25 Percent

Understand that quarters matter.

By Ian Morrison

I was watching Pastor Rick Warren interview Obama and McCain in a conversation that seemed to do more for Rick Warren’s book sales than for the candidates’ prospects.  (McCain did get the better of the encounter as he emerged apparently well-briefed from the non-cone of silence).  As I watched, I remarked to my wife that it seemed interesting that the candidates were put through their paces to answer the questions of social conservatives, who represent (I thought) only about 25% of Americans. I wondered aloud, whether both candidates would also agree to be grilled on an agenda that represented the interests of other 25% slices of America, for example the uninsured and underinsured who together make up a quarter of America, or the just under 25% of Americans who are people of color, or the 25% lowest income, or indeed the 25% of Americans who make more than $100,000 per year.   Then I got it.  These 25% slices are exactly what this election is about, and when I did a little homework 25% is a number that crops up a lot.

First, of all let me say I was wrong about social conservatives making up 25% of the population.   While self described born-again Christians make up 36% of the adult population, social conservatives by some analysis make up only 13% of registered voters.  A recent Pew poll found that on the political identity question 49% describe themselves as conservative (17% as very conservative) and 20% liberal (with only 6% saying they are very liberal).  So on balance America is a moderate to conservative country and much more religious than most.  While more than a third of Americans go to church once a week or more less than 10% of Brits and even less of most Europeans are that pious.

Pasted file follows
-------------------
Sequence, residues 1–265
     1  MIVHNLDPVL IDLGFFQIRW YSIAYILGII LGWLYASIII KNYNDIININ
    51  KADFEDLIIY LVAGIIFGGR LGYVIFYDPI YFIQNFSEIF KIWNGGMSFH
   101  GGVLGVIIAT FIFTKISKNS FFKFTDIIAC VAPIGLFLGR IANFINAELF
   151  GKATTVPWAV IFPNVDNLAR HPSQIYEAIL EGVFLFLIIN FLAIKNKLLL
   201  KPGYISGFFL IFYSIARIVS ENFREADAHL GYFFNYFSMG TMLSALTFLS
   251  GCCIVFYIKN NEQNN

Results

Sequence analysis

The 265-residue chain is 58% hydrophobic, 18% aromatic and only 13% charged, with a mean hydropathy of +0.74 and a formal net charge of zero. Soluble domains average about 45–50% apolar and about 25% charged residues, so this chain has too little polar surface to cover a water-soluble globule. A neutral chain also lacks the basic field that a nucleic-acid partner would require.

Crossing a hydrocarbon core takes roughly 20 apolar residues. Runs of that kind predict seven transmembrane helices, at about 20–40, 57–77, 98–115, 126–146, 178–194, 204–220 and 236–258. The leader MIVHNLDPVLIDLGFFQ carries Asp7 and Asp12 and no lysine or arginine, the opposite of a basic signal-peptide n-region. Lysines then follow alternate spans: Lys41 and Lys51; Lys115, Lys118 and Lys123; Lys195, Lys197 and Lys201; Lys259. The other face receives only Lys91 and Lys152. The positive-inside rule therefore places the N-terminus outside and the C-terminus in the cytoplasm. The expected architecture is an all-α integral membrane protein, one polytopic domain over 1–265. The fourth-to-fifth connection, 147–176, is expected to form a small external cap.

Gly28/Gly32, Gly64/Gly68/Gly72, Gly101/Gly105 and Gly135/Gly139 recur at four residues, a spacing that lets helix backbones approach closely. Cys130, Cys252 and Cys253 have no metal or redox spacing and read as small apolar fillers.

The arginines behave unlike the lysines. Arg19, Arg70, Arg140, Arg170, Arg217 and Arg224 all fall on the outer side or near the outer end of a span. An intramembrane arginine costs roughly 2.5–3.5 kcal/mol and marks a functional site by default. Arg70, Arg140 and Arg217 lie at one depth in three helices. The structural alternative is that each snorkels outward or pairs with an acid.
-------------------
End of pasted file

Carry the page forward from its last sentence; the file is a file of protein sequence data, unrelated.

Anyway, I digress, I got fixated on this notion of 25% as a magic number and did a little research on the Electoral College, Stat Abstract, the Harris and Pew Polls, and of course the magic of Google. (Just type in 25 percent and you can share my journey).  Here’s what I found:

On the election

On healthcare:

On other election issues, first, the Economy:

Second, Energy and Environment:

Finally, amuse your friends at cocktail parties with these key facts:

What does it all mean?  This election will be very close.  Given the unpopular  Bush Presidency and the sour economy, it should be a slam dunk for the Democrats but it will be a tough slog to overcome the existing political geography of the US that seems to favor Electoral College dominance by Republican candidates.  The winner will be the person who pieces together the various 25 percents to fashion a majority.  Whoever, is elected will have a very full plate of issues including ongoing commitments in Iraq and Afghanistan that we have not touched on here.

Healthcare is intricately tied to the economic vulnerability of a worried middle class, that was over-leveraged and ill-prepared for a bad economy, declining house values, and rising gas and medical bills, much less the prospect of paying for retirement and post retirement health costs.   This is a healthcare system where many are left behind and even more are worried that the system may not be there for them even if they play by the rules.

The next president will inherit a world more globalized, inter-connected, on-line and wireless, at a time when existing 19th and 20th century infrastructure (including healthcare infrastructure) is in great need of repair, renewal, and replacement.

Bringing healthcare to the front of the national agenda will be a tough sell against a backdrop of national security, economic, energy and budgetary challenges that all scream for attention.  Let us hope that this not another example of the American paradox, namely, the time the middle class feels vulnerable enough to associate itself with the underserved in favor of universal health care is precisely the time we have no money to deal with it.

Ian Morrison is an author, consultant and futurist based in Menlo Park, Calif. He is also a regular contributor to H&HN OnLine.